I try to do one thing at a time. I really do. But I find it hard. I just like keeping myself busy.The Bay Area is going through dramatic changes, especially when it comes to gentrification. How has that influenced your work and what you talk about?
I’m more sensitive and open to my thoughts as well as the stories I hear from residents. It’s definitely influenced me to be more personal with projects; especially Lest We Forget. At first I just wanted to start with perspectives from everyone else, that it would be for the community, but I forgot that it was also for me.
Storytelling is one of the best ways to communicate new ideas, passions, and causes. Do you have any tips for uon how to build effective stories through creative outlets?
Allow yourself to be open. Always. I think that’s really imperative. I like to ‘people watch’ and sometimes when I hear conversations walking by I get ideas for a short story or a poem and might take a photo that represents what I wrote. You never know. Also, try new things. In a photography store, I was playing with a manufactured pinhole camera but I thought it’ll be cool to get the materials myself and make one. (I’ll let you know how that goes ;o))
Any big projects or exhibits in the works?
We just wrapped a month long exhibit at the Omi Gallery of Impact Hub Oakland. The theme was Ubuntu: Can Art Save A Community? CASAC is a book and documentary project created by Melonie and Melorra Green, that features artists, community leaders, and views on community building. The next exhibit for Lest We Forget will be at The Reclaimed Room from January 17 - March 14, 2015. Opening reception will be Jan. 17, 2015 from 4-6. I’ll be adding moving images as well as new stills to the exhibit. Just wrapped post for a style video I directed for The Hardwear Shop. Presently, I’m tweaking one script (based on The Raw) and sending another to festivals for grant support and funding.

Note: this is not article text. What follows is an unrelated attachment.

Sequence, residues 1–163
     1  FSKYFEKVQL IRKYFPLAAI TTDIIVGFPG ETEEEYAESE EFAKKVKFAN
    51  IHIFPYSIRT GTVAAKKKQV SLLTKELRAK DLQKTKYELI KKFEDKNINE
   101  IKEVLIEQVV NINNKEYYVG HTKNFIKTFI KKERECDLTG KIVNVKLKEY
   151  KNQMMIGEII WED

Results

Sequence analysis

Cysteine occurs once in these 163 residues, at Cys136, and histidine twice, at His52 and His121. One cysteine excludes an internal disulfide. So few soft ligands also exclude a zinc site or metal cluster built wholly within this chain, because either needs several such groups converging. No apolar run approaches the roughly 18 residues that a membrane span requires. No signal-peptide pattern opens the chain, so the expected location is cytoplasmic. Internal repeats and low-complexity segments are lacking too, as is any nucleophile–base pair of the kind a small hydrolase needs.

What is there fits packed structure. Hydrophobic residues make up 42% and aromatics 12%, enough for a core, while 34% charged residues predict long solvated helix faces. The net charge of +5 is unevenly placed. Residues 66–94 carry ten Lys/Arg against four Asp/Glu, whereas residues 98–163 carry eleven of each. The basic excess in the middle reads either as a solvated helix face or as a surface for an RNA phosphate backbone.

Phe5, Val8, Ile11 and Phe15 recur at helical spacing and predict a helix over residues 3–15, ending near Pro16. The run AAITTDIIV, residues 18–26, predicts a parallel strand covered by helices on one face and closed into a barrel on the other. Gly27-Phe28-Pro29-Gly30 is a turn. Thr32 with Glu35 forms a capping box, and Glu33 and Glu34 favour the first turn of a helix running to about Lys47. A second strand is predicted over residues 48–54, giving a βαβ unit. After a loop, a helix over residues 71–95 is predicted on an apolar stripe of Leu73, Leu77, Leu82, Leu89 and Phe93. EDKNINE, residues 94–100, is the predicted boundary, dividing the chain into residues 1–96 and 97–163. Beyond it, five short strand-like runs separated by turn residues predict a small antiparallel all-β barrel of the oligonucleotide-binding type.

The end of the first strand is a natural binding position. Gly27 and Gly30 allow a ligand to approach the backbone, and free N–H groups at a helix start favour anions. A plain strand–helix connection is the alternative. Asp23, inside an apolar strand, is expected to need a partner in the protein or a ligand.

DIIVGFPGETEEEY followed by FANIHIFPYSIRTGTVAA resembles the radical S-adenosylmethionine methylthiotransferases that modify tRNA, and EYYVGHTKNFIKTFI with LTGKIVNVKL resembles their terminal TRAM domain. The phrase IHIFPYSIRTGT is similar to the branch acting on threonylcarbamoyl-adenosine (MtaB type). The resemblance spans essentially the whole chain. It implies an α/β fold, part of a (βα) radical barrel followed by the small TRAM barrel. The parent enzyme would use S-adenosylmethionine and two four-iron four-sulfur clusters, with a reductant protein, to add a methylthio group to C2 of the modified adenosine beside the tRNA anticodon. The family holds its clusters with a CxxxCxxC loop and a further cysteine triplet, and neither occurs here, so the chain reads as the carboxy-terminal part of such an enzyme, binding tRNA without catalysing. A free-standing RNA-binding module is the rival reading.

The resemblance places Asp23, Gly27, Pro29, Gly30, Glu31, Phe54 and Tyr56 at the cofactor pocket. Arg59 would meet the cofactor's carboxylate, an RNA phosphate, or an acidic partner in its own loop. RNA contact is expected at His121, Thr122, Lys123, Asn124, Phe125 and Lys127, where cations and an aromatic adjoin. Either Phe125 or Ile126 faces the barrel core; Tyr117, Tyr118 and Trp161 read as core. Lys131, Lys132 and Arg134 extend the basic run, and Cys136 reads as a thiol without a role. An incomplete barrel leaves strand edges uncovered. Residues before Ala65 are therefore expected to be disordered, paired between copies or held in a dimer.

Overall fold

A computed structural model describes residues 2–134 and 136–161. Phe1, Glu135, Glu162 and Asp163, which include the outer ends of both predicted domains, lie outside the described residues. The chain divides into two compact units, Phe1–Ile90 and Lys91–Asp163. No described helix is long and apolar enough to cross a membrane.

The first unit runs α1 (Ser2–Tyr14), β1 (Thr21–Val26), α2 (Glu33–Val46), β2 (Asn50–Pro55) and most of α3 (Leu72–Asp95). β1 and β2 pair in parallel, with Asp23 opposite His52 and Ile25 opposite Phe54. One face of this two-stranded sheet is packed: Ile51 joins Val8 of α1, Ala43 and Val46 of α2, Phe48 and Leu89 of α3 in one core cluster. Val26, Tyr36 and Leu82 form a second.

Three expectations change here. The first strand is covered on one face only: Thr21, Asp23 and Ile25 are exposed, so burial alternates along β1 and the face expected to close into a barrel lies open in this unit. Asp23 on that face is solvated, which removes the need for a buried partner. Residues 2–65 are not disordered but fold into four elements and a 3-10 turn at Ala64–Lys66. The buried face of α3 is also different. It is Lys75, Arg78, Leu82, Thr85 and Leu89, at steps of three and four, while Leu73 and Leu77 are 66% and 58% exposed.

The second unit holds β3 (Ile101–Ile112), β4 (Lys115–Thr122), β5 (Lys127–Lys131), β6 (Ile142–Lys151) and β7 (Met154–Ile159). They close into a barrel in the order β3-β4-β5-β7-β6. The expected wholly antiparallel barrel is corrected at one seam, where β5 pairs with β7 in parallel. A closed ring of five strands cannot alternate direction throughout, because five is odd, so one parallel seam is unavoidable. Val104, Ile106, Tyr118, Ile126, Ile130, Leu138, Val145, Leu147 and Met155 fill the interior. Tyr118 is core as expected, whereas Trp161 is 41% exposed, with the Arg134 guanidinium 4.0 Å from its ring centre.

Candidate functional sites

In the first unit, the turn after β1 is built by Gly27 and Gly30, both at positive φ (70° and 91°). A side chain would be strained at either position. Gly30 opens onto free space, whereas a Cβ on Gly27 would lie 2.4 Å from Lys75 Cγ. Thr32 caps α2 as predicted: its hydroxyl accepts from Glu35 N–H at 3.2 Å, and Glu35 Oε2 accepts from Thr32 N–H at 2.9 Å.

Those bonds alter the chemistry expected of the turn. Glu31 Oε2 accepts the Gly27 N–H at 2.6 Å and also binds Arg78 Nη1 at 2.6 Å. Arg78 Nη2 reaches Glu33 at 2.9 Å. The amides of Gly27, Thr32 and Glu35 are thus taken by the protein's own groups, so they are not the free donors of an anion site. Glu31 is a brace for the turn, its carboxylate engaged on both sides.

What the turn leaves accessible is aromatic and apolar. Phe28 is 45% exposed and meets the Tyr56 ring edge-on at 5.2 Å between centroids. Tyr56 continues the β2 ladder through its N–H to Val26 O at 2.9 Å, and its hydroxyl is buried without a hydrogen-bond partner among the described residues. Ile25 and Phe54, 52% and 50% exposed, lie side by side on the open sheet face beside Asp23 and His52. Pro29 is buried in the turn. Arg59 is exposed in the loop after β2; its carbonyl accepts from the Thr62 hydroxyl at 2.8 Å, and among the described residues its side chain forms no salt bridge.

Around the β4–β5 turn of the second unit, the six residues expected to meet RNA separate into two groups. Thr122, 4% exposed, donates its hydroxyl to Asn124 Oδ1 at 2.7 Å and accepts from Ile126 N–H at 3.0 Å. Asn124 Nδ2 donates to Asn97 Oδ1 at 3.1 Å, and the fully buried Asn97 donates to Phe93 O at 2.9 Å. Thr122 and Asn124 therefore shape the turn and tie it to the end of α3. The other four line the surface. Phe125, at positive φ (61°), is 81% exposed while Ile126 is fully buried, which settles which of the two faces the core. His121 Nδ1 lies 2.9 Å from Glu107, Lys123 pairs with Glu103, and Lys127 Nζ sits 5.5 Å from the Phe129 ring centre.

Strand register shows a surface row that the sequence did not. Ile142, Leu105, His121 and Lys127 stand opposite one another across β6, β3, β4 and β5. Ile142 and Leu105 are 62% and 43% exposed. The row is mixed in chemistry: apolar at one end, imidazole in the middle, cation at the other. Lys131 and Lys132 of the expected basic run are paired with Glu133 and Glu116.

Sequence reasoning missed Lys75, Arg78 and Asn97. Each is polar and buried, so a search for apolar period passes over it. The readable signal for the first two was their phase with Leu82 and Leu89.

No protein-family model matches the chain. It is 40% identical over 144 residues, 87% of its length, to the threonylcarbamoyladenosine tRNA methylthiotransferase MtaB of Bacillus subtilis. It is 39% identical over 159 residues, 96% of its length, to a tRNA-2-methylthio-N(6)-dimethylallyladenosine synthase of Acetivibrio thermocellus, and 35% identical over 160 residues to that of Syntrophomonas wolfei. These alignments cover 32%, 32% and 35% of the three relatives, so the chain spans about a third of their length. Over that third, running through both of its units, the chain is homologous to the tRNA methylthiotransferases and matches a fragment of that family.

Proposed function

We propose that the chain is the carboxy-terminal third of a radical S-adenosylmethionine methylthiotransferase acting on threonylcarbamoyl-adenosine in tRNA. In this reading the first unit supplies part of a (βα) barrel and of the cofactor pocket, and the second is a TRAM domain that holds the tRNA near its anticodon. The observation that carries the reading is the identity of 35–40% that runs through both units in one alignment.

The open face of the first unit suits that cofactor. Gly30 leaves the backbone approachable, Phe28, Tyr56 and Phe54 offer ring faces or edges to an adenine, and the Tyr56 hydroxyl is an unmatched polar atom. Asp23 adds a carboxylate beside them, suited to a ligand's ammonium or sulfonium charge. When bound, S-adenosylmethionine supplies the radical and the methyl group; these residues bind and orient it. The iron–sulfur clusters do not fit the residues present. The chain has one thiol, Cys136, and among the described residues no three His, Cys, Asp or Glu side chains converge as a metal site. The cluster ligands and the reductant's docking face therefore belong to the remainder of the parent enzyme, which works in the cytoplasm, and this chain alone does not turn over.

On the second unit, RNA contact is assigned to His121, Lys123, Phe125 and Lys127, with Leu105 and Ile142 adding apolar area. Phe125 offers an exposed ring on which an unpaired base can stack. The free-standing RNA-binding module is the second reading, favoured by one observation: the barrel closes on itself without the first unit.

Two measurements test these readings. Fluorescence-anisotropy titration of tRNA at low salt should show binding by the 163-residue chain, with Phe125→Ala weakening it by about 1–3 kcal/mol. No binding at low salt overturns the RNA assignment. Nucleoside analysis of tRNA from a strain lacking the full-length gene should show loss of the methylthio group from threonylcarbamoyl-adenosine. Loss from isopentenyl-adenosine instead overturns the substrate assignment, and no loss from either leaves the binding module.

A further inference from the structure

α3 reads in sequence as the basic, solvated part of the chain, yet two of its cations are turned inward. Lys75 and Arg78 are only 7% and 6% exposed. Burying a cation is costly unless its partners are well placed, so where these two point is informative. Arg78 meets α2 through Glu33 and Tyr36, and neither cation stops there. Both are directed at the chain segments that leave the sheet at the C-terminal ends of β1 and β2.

We are always looking for the undiscovered and super-talented. Anyone doing awesome work that the Blavity family should know about?
Indeed! The Green sisters and art curators (Melonie and Melorra) at Can Art Save a Community are doing really cool things. They’ve curated for the African American Art and Culture Complex, San Francisco Black Film Festival among other spots in the Bay. Gavin Grant, is an old friend, and a sculpture and jewelry artist who would be the dopest designer for my next short. Maria Judice at is an amazing creative producer. She helped produce LWF and is also doing awesome work with BAWIFM (Bay Area Women in Film and Media). She’s a creator of Band of Youths and The Hardwear Shop, and creative producer for the Market Street Prototyping Festival in San Francisco along with producer Jacqwi Campbell . Another dear friend, Jacquelynn Richell is a chic fashion designer, seamstress and creator of JRichell Fashions.
Check out more of Shantre's great work and connect with her online here: